Library of Congress


The Library of Congress > Teachers > Classroom Materials > Presentations and Activities > Holidays Past
Labor Day parade (1904 Edison movie)
Looking Into Holidays past Through Primary Resources
document sound image movie graphic organizer


  Shooting the chutes
Coney Island 1903

  Bathing at Atlantic City
1901 Edison movie

  Canoeing on the Charles River
1904 Edison movie

  Pres. Roosevelt's Fourth of July oration
1903 movie

  Roundup: Going to Camp
1979 movie

  TR at Forest Hills
1917 movie

  Sarah Bernhardt addresses crowd
1917 movie

  A rube couple at a county fair
1904 Edison movie

  Visitin' round at Coolidge Corners
1924 Edison movie

  Esquimaux game

1901 Edison movie
  Scenes of TR at Sagamore Hill
1912 movie.

  Cutting and Windrowing Hay
1982 movie
  Movie: Watch the action!

A movie is a visual document comprising a series of still images. This media format captures multiple moments in time. Spoken dialogue, sound effects and music add meaning to the images. Movie files can provide lasting witness to historic events, special occasions or family happenings. Although today's students are frequently "tuned-in" to this medium, they may have had little practice in learning how to analyze what they view. The American Memory collections include late-19th and early-20th century movie files. Many of these relate to holiday and seasonal events in the United States. View this 1904 Edison movie of a Labor Day Parade filmed in Massachusetts. Analyze the film using the observe, think and ask process. Use the following questions to guide your students' analysis or create questions of your own. Have students take notes using the graphic organizer.

• Observe: Prior to showing the movie, provide students with background information including title, location and date of the filming. Based on this information, ask what they might expect to see. Ask them to decide what type of motion picture this might be (documentary, newsreel, dramatization, etc.) Have them watch for physical qualities (music, narration, special effects, live action, background noise, animation or dramatization). View the movie. Who are the people being filmed? How are they dressed? What is happening in the movie? During what season was the movie filmed? What buildings and vehicles do they see? What other clues in the film provide information about the culture, customs and styles of the time?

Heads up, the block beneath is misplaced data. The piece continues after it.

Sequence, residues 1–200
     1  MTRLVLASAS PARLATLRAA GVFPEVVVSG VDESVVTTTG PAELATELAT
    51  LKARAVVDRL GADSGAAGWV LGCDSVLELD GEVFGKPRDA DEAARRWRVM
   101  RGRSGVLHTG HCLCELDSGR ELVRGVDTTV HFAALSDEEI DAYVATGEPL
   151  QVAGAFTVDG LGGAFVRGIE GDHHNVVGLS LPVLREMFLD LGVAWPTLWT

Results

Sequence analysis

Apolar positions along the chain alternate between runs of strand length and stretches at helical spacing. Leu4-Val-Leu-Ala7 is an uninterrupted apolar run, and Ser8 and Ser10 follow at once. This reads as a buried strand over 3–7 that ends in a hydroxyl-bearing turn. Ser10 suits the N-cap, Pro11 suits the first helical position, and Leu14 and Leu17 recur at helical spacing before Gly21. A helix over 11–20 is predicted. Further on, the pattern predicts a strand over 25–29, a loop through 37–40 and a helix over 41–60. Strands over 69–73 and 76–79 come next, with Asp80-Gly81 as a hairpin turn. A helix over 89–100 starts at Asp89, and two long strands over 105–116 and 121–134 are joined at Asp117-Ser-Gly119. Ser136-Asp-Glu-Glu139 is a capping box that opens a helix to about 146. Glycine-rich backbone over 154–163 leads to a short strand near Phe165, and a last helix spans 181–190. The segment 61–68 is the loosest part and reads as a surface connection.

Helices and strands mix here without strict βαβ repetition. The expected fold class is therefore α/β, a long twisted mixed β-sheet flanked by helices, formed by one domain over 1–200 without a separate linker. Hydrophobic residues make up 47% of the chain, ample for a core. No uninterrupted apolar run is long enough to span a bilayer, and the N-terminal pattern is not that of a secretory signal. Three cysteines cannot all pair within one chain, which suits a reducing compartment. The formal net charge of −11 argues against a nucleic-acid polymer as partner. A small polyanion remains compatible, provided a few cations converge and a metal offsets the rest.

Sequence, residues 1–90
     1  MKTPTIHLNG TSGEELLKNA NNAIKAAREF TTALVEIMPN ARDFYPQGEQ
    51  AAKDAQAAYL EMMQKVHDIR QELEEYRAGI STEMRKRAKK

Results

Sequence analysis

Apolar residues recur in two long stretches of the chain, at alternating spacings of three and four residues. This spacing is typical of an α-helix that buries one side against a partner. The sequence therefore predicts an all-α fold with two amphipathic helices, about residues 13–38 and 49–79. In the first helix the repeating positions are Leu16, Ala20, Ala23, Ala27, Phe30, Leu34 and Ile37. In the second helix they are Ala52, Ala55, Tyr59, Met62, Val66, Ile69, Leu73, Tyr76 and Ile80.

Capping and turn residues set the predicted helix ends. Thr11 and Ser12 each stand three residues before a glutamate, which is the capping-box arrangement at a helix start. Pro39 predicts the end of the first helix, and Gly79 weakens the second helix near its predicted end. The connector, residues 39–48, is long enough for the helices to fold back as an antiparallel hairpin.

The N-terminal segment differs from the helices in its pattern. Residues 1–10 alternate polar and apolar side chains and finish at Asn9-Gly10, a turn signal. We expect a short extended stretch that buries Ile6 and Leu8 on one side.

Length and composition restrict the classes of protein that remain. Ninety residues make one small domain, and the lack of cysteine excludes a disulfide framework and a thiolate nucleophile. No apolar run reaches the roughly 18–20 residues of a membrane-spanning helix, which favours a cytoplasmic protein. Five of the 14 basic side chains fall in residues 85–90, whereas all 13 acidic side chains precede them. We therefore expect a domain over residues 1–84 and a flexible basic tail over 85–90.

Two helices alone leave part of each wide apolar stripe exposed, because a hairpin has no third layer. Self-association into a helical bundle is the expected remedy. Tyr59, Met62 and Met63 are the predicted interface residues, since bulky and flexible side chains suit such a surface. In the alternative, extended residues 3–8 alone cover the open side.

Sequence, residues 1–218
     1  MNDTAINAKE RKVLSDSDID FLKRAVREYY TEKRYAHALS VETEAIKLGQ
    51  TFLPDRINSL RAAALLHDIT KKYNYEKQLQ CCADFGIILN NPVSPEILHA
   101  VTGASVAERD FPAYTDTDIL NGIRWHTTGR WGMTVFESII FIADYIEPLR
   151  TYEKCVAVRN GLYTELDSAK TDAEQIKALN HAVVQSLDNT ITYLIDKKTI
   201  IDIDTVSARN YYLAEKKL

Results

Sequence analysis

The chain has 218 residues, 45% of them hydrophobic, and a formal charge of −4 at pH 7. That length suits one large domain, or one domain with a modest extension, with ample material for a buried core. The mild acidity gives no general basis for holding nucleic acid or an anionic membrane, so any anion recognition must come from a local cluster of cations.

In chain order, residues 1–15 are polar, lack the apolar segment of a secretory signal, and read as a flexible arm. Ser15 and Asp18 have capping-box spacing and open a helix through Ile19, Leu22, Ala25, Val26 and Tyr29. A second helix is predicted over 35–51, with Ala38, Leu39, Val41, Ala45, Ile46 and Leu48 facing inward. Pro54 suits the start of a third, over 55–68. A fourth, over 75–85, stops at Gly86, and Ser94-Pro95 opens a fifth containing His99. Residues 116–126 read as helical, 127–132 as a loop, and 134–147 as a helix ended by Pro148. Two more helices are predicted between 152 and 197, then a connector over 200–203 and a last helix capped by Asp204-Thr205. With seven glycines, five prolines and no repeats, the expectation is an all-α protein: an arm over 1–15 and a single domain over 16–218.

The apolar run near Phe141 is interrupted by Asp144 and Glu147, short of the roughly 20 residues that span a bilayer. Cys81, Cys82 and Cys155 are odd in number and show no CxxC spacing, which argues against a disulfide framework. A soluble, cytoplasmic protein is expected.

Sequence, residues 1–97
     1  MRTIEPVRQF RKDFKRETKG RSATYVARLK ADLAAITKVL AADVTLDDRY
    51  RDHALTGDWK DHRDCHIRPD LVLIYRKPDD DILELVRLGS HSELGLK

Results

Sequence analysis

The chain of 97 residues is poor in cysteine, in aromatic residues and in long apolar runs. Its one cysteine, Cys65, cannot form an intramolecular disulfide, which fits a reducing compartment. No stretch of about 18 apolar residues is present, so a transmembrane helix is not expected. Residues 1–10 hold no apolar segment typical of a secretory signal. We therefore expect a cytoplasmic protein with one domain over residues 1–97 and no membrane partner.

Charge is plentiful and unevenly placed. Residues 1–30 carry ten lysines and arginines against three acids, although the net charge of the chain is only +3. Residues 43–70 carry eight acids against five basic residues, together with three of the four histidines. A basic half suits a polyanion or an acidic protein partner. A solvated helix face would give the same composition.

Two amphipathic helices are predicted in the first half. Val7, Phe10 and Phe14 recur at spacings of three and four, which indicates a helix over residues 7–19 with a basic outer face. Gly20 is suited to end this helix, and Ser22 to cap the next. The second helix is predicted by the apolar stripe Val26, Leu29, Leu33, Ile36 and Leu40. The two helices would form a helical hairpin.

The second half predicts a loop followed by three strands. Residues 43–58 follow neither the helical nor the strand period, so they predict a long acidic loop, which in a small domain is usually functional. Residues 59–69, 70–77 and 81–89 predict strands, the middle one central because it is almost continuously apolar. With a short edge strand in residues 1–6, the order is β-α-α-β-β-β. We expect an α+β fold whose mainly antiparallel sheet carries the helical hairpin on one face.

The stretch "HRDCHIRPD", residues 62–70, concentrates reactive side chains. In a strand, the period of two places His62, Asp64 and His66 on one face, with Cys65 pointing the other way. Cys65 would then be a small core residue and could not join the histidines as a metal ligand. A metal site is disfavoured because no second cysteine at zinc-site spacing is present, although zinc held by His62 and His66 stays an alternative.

• Think: After viewing the film, draw on students' prior knowledge. When did this event occur? In what location was it filmed? Was this event a special occasion? Why would someone have wanted to film this event? Who might have viewed this film? Did the filmmaker have a message? How did watching the film make the students feel? What did students learn by watching the film?

• Ask: Viewing a silent film can leave students with many unanswered questions. Ask students to think about what they need to know in order to better understand the movie. What was the purpose of this parade? Were the people filmed wearing special clothing? What were the most common modes of transportation during this period? When did Labor Day celebrations begin in America? What written sources could students consult to find out the history of Labor Day in Massachusetts? Do we still celebrate this holiday with parades today?

Movies will continue to be a major influence in our students' lives. Learning to analyze films from the past will provide students with tools to better understand current media. After viewing the holiday-related films listed on the left side of this page, search the American Memory collections for more films. Select "motion pictures" from the "Limit Search to:" box on the right side of the search page.